BY YASMIN STUART

HELP! MY HORSE NEEDS REEDUCATING

You have recognized that your horse needs reeducation. Whether it’s a behavioural issue, pain-related problem, or something else that has led to you needing to retrain their posture, you are taking the first step to helping your horse to become healthier. However, once you’ve recognised that your horse needs re-educating, the steps to re-education can be quite daunting.
It’s a bit like problem solving. Working out where it went wrong and why, would be an excellent place to start. Without this valuable piece of information, you could be chasing your tail for months.

For the purpose of this blog post I’m going to be using the example of a horse rehabilitating from kissing spines.

WHERE DID IT ALL GO WRONG?

Well for this horse it was a multitude of issues. He was trained in a sub-optimal manner: dropped back, over-flexed neck and trailing hindlimbs. This was then compounded by the fact that his saddle was ill-fitting, so even if he had ‘wanted to’, he would never have been able to lift his back. After moving like this for months, or even years, his behaviour started to change. Perhaps he started hiking his head up to initiate trot or began bucking in canter. This was deemed to be a training issue and so the schooling was ramped up- the horse was being punished for trying to explain that he needed help. The final straw was that he began refusing fences. This was the catalyst that made the owner seek the help of a vet.
The horse was diagnosed with kissing spines. He had the necessary veterinary treatment – in this instance field rest, the affected dorsal spinous processes medicated and was then given permission to begin work again. However, if he was to start work in the same way he would surely reinjure?


PROPIOCEPTIVE DEFICITS

With horses that need re-educating, they almost always have a proprioceptive deficit. This means that their movement pattern is abnormal because the ‘map’ their brain has created of where their body is in space is slightly blurred. So, in this instance, this horse’s normal movement pattern will be that of a dropped back and over flexed neck – his soft tissues have remodelled for this to be a normal and safe way of going. This will go hand in hand with limited shoulder and hindquarter range of motion.

Help! My Horse needs Reeducating - Part 1

GETTING STARTED

I like to begin by addressing their shoulder and hindquarter range of motion with forehand and hindquarter yields. This is where I ask the horse to move away from a gentle touch of my hands by either crossing one forelimb in front of the other whilst keeping the hindquarters planted or one hindlimb in front of the other whilst keeping the forehand planted. You soon get a feel of where the restrictions are. The horse might move more easily with one leg than the opposing or might try to run through you to offer a different answer. These responses are all totally ok – I treat them as diagnostic feedback of how the horse is coping with the question I’m asking. It’s important to add here that you need to recognise and adhere to your horse’s threshold. If the horse finds this situation stressful then you will need to back off and give the horse a minute to digest the question or re-ask another day.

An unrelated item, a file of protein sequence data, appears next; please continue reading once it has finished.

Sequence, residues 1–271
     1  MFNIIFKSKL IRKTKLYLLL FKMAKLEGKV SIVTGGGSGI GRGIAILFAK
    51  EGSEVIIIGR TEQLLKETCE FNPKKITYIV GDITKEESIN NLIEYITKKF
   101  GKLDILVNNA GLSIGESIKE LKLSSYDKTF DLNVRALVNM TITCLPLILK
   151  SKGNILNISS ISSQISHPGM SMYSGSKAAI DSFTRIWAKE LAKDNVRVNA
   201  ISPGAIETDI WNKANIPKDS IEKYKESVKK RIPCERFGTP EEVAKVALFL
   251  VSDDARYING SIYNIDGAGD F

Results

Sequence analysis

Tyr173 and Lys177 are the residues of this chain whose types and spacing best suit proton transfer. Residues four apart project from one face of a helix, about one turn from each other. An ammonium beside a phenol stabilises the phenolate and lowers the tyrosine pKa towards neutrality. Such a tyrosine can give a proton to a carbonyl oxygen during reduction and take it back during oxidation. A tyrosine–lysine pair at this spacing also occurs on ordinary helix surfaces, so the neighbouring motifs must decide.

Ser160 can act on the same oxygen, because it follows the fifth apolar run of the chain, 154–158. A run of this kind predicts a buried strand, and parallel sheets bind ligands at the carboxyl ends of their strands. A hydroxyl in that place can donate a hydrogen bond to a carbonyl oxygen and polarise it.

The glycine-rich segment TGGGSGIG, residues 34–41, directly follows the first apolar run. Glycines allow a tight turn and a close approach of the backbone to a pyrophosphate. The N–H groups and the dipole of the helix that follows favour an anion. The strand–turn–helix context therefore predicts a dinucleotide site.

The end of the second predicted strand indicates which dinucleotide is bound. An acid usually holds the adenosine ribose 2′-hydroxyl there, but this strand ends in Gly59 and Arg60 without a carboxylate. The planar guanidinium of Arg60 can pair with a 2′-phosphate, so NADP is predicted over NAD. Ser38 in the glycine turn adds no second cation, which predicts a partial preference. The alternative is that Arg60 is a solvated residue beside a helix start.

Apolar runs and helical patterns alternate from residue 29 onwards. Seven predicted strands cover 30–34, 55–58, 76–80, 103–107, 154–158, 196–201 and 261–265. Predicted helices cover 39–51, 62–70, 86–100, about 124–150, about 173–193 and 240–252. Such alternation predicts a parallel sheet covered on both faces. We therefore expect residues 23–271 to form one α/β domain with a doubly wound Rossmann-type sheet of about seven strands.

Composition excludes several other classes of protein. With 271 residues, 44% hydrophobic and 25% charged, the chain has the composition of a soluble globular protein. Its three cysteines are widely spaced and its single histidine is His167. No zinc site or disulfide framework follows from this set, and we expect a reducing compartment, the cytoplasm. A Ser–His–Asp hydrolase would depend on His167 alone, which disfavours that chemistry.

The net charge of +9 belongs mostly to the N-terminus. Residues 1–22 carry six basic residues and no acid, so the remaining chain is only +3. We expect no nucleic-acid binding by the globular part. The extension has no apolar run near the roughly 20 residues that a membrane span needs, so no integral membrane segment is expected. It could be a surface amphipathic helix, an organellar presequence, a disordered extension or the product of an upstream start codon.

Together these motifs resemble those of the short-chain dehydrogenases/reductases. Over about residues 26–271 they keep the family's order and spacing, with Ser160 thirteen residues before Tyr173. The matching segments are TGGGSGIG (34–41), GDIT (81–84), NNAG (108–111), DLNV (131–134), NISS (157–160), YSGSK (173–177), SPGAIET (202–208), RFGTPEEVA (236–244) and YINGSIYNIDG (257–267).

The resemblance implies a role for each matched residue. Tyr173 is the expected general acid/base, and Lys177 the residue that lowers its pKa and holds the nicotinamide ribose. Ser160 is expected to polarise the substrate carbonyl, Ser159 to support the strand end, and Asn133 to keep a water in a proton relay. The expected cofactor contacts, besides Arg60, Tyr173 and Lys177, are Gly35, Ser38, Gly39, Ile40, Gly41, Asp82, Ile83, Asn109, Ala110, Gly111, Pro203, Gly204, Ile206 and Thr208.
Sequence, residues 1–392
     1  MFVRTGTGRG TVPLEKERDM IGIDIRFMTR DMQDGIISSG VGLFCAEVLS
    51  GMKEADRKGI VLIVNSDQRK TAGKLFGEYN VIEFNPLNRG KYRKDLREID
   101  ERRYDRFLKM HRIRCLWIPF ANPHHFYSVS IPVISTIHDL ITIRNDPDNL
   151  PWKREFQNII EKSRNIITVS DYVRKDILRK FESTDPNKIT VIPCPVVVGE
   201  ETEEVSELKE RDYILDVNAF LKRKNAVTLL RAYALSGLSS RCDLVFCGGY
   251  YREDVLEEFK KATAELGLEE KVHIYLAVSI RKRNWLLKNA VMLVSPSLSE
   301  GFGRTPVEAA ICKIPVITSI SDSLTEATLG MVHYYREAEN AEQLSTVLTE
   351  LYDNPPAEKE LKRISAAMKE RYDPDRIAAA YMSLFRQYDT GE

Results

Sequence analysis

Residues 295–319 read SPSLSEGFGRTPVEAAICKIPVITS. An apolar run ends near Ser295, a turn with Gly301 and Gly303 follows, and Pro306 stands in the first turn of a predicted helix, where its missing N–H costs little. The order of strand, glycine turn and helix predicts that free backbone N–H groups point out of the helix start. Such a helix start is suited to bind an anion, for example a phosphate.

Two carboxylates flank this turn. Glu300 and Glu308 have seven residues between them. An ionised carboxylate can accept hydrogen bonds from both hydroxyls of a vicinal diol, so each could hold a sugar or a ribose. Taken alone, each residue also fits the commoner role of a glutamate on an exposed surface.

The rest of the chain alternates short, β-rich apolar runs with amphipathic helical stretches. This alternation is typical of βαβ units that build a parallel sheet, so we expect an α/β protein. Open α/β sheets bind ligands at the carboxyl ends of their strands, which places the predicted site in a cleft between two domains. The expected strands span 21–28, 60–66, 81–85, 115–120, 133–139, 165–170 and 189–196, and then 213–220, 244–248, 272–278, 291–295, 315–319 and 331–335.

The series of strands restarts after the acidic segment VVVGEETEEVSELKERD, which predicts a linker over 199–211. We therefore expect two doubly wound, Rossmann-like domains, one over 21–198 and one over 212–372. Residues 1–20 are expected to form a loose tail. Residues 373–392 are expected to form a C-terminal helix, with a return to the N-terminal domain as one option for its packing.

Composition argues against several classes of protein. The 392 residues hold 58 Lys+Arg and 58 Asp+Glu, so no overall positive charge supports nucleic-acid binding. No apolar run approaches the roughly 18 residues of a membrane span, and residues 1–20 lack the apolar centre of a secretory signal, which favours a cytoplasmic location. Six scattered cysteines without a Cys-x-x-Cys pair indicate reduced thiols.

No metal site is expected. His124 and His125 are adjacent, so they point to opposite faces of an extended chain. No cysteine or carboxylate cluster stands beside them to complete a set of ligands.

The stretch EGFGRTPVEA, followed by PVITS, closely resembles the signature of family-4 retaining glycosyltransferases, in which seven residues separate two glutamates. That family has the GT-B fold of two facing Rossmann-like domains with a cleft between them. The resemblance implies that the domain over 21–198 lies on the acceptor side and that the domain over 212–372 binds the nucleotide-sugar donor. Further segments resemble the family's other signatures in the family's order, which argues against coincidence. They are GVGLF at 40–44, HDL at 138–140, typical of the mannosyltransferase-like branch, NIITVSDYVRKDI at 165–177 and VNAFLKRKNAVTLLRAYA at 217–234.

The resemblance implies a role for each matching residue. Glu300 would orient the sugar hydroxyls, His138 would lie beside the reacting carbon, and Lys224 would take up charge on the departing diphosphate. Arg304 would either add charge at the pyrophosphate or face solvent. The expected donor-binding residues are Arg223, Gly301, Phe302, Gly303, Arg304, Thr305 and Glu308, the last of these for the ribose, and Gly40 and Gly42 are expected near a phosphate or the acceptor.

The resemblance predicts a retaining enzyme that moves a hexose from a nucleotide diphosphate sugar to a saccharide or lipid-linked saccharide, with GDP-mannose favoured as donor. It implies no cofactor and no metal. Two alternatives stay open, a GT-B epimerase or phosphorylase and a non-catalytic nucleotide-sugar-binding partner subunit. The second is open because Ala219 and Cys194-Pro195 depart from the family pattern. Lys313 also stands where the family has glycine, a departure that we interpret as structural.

Tip: Consistency builds trust. Make sure that your cue is always the same and that you reward the second your horse even thinks about offering the desired behaviour.


This can then be shaped to elicit the original desired response. For instance; if the horse finds it difficult to mobilise their right fore, initially I would reward a shift of weight onto the left fore- the horse was thinking in the correct direction, but the original desired movement is not accessible at this moment in time. Also, their comfort must always come first. If they are persistently struggling to do something, then this will require further investigation – whether from a vet, bodyworker, behaviourist or trainer.
This probably all seems like a lot of faff- there are plenty of people who crack on with their horse’s training without doing all of this. However if we can help our horse to understand exactly what is asked of them by making it easy and attainable, then they’re more likely to enjoy working with us, therefore more likely to be engaged and as a result the rate at which they improve will be quicker. This method also increases their manoeuvrability before we implement the next step.

IF YOU LIKE THIS BLOG, YOU MAY ALSO LIKE THESE OTHER RESOURCES:

Online training course presented by Dr Karin Leibbrandt

Video presented by Dr Sue Dyson on recognizing signs of subtle lameness

Equitopia’s ‘From the Horse’s Mouth’ Podcast interview with Yasmin Stuart

Webinar recording: Help! My horse needs re-educating

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